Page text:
ALLRED, WILLIAM DAVID (1933~1996) William David Allred, son of Texas Governor James V. Allred and Joe Betsy Miller, was born in Austin, Texas, on November 27, 1933. After attending public schools in Houston and Corpus Christi, Texas, Allred graduated from Texas Christian University with a BA in Journalism and English and Columbia University with an MS in Journalism.
After college, Allred worked for the Wichita Falls Times and Record-News, the Corpus Christi Caller-Times, The San Antonio Light News, and the Houston Post. (Right out of Columbia University, he was hired to work in a two-man Washington Bureau of the Houston Post, headed by Jim Mathis and later Felton West. West covered Allred's work in his post as Austin correspondent for the Houston Post.) Allred also worked for The Associated Press Wire Services in Alabama at the beginning of the Civil Rights Movement, covering and interviewing Martin Luther King, Jr., Minister of the Dexter Avenue Baptist Church in Montgomery, Alabama. (Once he had a cross burned on his desk by a racist in the newsroom.) He did some broadcast reporting and free-lance work, as well as ghost writing articles and books. He also wrote copy for local television shows.
In the United States Army at Ft. Eustis and Ft. Story, Allred was the Public Information Officer, serving in the rank of Lieutenant from his ROTC work at TCU. His active duty with the Army lasted for two years. Allred served 21 years in the Army Reserves and retired with the rank of Major. He was a graduate of the Transportation Officer's Basic Course, the Company Officer's Course in Civil Affairs and Military Government, and the United States Army Command and General Staff School. He served at various times as public relations officer, legal advocate, and instructor.
Once discharged from the Army, Allred handled the press in Austin for Dolph Briscoe's first run for governor. He handled PR for a number of civic and religious groups throughout his life. Allred served on the PR Staff of U. S. Senator Ralph Webster Yarborough in 1959, in Washington and also briefly for Representative Ray Roberts, who won Sam Rayburn's Congressional seat. He worked as a committee staff member to a subcommittee chaired by Congressman Jack Brooks of Beaumont. When President Kennedy was killed in 1963, Allred wanted to come "home" and "do" what he could for his country "by throwing his hat in the ring for public office."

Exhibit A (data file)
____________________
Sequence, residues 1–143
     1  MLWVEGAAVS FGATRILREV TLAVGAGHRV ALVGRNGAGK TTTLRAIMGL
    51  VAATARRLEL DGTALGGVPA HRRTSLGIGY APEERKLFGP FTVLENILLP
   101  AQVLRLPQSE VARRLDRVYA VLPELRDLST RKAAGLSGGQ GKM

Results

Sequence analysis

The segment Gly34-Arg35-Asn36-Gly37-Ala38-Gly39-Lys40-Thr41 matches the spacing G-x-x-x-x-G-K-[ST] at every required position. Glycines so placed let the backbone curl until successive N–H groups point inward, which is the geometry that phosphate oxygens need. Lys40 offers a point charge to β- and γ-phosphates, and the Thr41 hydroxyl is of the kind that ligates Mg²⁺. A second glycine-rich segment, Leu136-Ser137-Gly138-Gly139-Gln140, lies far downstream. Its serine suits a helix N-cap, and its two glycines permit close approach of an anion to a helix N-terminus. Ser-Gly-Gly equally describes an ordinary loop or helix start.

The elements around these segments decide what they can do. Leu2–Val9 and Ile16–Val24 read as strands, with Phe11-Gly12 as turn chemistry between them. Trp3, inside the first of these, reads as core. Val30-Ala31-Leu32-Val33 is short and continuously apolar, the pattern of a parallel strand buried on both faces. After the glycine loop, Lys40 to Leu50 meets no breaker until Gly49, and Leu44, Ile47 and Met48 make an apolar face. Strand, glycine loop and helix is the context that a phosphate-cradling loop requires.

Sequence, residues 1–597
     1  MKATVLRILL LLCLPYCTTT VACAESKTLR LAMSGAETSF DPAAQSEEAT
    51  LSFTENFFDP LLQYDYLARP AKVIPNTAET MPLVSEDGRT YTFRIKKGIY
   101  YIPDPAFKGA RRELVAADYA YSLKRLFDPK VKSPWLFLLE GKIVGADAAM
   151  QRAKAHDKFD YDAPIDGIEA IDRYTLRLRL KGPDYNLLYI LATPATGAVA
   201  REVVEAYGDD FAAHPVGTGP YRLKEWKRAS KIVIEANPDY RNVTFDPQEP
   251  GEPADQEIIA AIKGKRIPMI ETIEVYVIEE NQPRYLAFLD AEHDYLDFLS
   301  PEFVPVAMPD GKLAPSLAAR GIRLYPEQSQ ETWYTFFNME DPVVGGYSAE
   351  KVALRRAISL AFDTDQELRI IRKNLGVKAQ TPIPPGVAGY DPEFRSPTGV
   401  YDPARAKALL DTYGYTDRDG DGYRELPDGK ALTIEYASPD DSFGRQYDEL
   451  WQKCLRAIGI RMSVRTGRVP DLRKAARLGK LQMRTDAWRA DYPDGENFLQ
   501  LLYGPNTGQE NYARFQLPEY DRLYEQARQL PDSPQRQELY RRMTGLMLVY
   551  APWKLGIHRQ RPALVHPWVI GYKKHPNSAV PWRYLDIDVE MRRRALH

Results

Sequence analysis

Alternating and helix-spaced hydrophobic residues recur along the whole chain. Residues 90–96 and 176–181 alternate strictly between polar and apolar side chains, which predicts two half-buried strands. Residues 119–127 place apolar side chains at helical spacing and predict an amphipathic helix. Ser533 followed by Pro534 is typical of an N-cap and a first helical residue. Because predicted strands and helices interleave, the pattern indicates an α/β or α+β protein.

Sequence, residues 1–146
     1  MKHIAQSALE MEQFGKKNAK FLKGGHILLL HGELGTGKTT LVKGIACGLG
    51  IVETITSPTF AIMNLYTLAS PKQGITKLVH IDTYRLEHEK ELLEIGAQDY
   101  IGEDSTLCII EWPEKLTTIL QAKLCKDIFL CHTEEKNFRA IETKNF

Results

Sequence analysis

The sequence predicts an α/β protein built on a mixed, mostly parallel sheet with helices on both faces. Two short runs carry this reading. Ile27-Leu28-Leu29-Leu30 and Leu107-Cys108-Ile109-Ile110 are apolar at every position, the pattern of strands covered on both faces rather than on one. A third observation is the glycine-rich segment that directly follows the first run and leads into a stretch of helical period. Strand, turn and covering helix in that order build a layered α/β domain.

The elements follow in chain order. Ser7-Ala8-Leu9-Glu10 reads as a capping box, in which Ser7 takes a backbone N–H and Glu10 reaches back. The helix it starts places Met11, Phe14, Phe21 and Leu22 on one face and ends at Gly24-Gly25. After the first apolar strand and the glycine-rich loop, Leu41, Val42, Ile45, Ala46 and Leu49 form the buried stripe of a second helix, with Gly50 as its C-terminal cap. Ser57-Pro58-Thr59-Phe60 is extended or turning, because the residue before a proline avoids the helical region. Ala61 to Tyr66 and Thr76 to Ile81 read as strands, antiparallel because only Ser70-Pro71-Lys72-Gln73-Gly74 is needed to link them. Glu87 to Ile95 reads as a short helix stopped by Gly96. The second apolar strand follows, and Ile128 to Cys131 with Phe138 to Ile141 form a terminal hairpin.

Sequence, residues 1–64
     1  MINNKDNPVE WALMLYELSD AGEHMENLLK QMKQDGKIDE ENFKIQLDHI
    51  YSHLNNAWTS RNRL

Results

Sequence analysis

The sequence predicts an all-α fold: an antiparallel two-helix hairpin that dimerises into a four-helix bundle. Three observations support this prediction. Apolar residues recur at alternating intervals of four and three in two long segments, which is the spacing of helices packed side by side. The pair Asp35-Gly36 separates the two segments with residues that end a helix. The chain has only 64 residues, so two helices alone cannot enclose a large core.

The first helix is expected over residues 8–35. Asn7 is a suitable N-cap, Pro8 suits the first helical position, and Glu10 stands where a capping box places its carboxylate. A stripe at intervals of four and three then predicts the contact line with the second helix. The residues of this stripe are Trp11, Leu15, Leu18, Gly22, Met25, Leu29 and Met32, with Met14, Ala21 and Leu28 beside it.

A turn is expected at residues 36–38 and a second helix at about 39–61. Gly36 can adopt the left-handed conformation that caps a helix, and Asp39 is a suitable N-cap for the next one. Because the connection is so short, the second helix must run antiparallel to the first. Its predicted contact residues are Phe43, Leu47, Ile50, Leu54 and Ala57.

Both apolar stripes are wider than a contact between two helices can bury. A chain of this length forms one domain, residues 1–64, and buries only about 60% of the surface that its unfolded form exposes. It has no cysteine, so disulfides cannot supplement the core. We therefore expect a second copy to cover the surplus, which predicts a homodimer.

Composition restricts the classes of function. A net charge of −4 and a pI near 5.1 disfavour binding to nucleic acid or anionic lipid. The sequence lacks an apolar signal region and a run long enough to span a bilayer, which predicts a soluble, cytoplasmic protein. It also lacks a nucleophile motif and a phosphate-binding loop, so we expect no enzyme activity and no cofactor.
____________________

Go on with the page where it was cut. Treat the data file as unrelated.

In 1965, Allred was elected to represent Wichita County, the home district of his father and mother. He established himself as an outspoken advocate of ethics reform while serving on the House Appropriations Committee, the Health and Welfare Commission, the Committee on Business and Industry, and the Committee on Social Services. He was a member of the famous "Dirty 30" ethics minority in the 1971 legislative session. Allred and 29 others gained the tag by voting against tabling a motion to investigate House Speaker Gus Mutscher for allegations growing out of the Sharpstown stock fraud and banking scandal.
Allred, who slept on the couch in his office during some of his legislative sessions to save on rent, was also a part-time minister. He preached at several churches around Central Texas. "The ministry," he said in a 1977 interview, "was just something I was interested in. I'm oriented toward service." Besides preaching, Allred also taught and reported for several papers. In 1980, he was narrowly defeated for re-election in the Democratic primary by John Gavin, former mayor of Wichita Falls.
After leaving the House, Allred, who had become a licensed attorney in 1978, spent two years as an Assistant Attorney General under Jim Mattox. After leaving State service, he taught journalism at several universities, including the University of Texas at Austin, Hampton University in Hampton, Virginia; and Radford University in Radford, Virginia.
While living in Virginia, Allred passed away on September 8, 1996 and was buried in Olive Branch Cemetery in Norge. However, his love of Texas led his family and friends to have his body moved to the Texas State Cemetery. On July 25, 2000, Representative Allred was finally laid to rest in his beloved State of Texas.
Information taken from Austin American-Statesman Obituary, a Joint Resolution signed by Legislature on June 18, 1996, and a biography from his reinterment program.